The tragic flaw in this is that it loses sight of its main character. Though the film is about Steve Jobs, it feels oddly formatted. I am fine with them skipping over the reveals and just focusing on the background conversations before the reveals. However, it should have focused more on the aftermath. The failures, the personal turmoil, and Steve Jobs' firing more. It touched on it, but never with any depth. Instead, it demands Steve Jobs to show emotion and show his hand, but he is incapable of doing this. Thus, much of the film falls on deaf ears. It is cool to look at, well shot, well acted, and the dialogue is impeccable. But, it lacks any weight. This is why the best was saved for last with Steve's conversation with his daughter Lisa (Perla Haney-Jardine). With the weight that the rest of the film demanded, the dialogue in the sequence and the emotional power of it all made me want to jump up and celebrate. When Jobs finally opens up and shows his human side to his daughter, the film is a resounding success. The end shot that fades slowly as Jobs walks the stage and looks back lovingly at Lisa is absolutely impeccable. In one scene, Danny Boyle encapsulated everything that makes cinema wonderful. The cinematic strength and power of that final scene is unlike that I have seen in a long, long time. Immaculate is the perfect word for it. Unfortunately, the rest of the film just lacks any of that power. Not even a hint of that heart.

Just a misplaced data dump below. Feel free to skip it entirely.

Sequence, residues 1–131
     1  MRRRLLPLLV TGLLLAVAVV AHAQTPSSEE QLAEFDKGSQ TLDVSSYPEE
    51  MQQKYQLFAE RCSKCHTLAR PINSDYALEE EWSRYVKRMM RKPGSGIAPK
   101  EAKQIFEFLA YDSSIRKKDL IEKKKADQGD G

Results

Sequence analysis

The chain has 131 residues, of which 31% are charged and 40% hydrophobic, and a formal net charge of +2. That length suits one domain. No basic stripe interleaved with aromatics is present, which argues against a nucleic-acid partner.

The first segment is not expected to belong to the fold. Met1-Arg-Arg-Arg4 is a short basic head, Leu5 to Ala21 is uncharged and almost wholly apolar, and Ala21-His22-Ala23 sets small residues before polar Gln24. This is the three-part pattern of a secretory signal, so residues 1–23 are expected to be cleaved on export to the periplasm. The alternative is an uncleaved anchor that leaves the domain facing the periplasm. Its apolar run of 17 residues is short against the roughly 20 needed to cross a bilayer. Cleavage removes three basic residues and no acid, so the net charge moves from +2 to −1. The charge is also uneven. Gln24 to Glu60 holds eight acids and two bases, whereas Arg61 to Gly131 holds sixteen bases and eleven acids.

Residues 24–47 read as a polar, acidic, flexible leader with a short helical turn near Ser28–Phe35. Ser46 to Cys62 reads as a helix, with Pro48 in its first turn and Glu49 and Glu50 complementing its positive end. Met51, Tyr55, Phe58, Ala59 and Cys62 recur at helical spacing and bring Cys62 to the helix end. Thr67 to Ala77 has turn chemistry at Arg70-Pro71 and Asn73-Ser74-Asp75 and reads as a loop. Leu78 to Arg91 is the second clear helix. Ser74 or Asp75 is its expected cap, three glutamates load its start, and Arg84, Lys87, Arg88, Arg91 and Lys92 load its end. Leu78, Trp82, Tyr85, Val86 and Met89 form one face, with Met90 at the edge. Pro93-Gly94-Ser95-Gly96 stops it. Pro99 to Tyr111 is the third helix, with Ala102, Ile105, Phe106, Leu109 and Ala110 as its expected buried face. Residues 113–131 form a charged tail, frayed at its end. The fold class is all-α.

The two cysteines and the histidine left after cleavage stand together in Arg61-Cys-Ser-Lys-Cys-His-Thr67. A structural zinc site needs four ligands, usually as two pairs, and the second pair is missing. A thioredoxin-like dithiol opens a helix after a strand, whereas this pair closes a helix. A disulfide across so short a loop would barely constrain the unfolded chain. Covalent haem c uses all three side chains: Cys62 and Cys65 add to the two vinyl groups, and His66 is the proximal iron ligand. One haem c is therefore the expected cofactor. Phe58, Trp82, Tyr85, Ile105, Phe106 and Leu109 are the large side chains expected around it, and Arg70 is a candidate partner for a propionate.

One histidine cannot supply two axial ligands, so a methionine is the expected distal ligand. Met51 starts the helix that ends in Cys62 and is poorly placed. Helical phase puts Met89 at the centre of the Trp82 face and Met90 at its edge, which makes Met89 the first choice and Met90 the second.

The film is unwilling to vilify Jobs as well for his inadequacies as a father and a person. Bracing the audience for every punch by reminding us just how brilliant he was and what a visionary he was, every time we are shown that he is an **** we still come away thinking, "Yeah, but he's innovative". As if that is some accomplishment. That said, it does a good job capturing the two sides of Jobs. While they do not gel together, Sorkin captures Jobs at his most assholish states as well as at his most brilliant. It is hard to place your finger on the man, maybe because he was a diverse human being with two sides. Thus, my complaint may be silly, but all the same, it felt tonally off as a result of not following through with either the vilification or the celebration. Though there was some attempt at the latter in the aforementioned conversation with Lisa, it hardly makes up for the rest of the film when he treats everyone in his life like garbage.